Djokovic’s PTPA wades into row over Murray’s late Aus Open finish

We use your sign-up to provide content in ways you’ve consented to and to improve our understanding of you. This may include adverts from us and 3rd parties based on our understanding. You can unsubscribe at any time. More info

The Professional Tennis Players’ Association has issued a statement following a row over match scheduling after Andy Murray’s Australian Open second-round tie finished at 4.05am. The Brit claimed it was a “farce” to play so late into the night, and the Novak Djokovic-founded PTPA has now joined the debate, echoing Murray’s sentiment. 

Murray broke his own personal records for longest match and latest finish with his win over Thanasi Kokkinakis on Thursday, as he needed five hours and 45 minutes to defeat the Aussie 4-6 6-7(4) 7-6(5) 6-3 7-5. While it was an inspired comeback from the 35-year-old in the early hours, he criticised the rules allowing for the match to continue so late – both during and after the clash.

It has since sparked a debate, with Australian Open tournament director Craig Tiley pushing back and claiming there was “no need” to adjust the schedule while several former pros including John McEnroe backed Murray and called the timings “crazy”. And the PTPA has now shared their own statement, claiming that the late matches “hurt” all involved.

“The PTPA is committed to advocating for and contributing to the best vision and structure of tennis globally, as indicated in our official principles,” it read. “That vision and structure starts with match and tournament scheduling.”

JUST IN: Novak Djokovic clashes with umpire during Dimitrov Australian Open tie

Referencing Murray and Kokkinakis’ 4.05am finish, the statement continued: “Having players compete past 4am local time, totalling nearly six hours, hurts the players, fans, event staff, and all involved. We look forward to exploring alternate means to scheduling that put fans and players and their wellbeing first.”

It comes after Murray himself raised concerns for the ballkids involved in the late-night match. “If my child was a ball kid for a tournament, they’re coming home at 5 in the morning, as a parent, I’m snapping at that,” he said when asked if tennis needed to do something to prevent 4am finish times.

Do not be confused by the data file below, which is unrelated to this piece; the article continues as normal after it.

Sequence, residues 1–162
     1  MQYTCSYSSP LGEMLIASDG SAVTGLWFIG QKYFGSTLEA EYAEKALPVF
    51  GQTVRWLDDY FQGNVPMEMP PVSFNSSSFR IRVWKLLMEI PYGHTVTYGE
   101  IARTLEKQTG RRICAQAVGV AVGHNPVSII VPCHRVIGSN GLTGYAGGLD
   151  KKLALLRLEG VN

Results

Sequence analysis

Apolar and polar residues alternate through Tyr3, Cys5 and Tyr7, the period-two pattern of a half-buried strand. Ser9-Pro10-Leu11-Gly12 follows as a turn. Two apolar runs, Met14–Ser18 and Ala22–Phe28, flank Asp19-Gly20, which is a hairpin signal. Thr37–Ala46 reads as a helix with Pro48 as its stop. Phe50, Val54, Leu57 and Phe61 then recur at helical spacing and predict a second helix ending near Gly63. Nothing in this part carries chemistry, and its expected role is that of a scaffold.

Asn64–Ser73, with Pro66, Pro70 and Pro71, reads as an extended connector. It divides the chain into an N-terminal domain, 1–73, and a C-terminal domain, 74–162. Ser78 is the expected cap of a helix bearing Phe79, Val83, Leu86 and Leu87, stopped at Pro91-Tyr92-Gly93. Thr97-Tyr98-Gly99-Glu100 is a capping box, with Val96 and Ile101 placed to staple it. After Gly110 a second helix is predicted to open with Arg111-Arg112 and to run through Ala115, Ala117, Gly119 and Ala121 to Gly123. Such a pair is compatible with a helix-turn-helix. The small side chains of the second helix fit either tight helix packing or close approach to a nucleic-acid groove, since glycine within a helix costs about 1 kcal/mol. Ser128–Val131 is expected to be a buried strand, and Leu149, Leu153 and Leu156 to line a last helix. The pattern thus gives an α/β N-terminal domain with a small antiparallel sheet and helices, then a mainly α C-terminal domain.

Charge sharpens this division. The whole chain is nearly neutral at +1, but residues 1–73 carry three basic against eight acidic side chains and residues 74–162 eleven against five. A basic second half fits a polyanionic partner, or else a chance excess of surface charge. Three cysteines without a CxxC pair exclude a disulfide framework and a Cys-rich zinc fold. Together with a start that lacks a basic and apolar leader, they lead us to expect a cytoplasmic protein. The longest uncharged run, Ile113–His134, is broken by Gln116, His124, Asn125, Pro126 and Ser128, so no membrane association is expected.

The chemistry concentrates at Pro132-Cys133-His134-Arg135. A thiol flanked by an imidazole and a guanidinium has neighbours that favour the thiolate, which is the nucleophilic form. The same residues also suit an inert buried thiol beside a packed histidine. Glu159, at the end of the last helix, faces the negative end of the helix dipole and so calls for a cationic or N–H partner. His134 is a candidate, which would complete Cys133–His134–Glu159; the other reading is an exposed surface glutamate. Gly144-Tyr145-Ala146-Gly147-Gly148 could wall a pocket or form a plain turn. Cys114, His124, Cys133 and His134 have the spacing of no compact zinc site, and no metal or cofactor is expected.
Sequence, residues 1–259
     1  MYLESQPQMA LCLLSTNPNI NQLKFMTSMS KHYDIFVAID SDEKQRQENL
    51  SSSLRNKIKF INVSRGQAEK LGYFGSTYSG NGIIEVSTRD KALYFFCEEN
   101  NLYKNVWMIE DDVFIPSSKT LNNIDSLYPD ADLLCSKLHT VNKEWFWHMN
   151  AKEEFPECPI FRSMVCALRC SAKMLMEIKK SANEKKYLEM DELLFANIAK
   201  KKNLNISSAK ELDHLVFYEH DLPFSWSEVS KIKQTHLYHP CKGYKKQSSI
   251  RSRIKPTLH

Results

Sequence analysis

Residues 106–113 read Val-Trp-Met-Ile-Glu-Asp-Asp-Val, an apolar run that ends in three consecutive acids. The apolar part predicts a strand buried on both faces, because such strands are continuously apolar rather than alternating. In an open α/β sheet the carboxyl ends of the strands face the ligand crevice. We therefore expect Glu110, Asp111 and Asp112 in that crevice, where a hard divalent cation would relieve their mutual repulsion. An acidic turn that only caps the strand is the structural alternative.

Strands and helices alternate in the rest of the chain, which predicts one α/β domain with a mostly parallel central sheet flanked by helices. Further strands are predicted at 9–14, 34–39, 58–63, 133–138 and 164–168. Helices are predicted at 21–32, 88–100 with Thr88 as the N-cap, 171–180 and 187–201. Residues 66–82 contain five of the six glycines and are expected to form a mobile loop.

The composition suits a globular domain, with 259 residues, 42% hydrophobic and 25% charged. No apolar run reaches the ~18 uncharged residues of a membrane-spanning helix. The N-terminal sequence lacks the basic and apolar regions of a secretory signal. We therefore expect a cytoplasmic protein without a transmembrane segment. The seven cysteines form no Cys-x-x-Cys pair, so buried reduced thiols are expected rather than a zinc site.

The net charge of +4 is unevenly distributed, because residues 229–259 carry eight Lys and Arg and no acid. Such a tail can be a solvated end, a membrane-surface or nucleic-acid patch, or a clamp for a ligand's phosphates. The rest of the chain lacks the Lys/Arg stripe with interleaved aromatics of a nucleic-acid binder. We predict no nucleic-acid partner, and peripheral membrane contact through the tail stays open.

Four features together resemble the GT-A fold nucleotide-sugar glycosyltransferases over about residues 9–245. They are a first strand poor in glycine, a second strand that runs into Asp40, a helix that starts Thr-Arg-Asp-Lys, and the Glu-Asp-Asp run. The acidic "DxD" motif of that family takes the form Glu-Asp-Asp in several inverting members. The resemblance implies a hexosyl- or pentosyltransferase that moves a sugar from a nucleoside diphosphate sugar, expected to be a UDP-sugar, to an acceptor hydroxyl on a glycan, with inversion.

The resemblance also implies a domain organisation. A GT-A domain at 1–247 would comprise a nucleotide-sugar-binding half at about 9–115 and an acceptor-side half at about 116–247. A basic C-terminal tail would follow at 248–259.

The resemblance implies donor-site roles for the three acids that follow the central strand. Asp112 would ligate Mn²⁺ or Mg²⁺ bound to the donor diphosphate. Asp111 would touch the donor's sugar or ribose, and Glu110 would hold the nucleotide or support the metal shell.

“It’s not beneficial for them. It’s not beneficial for the umpires, the officials. I don’t think it’s amazing for the fans. It’s not good for the players. So, yeah, we talk about it all the time. It’s been spoken about for years. When you start the night matches late and have conditions like that, these things are going to happen.”

Dan Evans thrashed after friendly gesture as umpire issues apology
Murray injury fears raised as Aus Open star takes to practice court
Djokovic receives response from Aus Open boss after ‘drunk’ fan rant

But Tennis Australia CEO and Aussie Open director Tiley didn’t seem to agree, holding firm that there was “no need” to alter the 7pm start time to night sessions. While the tournament saw matches delayed for rain and extreme heat, he said: “Generally a women’s match is about an hour and a half and a men’s match a little over two and a half hours – that’s the length of match you work your schedule around.

“There is always one, and it is hard to schedule the entire event around the potential that happens one time. You’ve also got to protect the matches. If you just put on one match at night and there’s an injury you don’t have anything for fans or broadcasters. But you are always going to have an out-of-the-box situation where like last night it goes extra long unexpectedly.”

Source: Read Full Article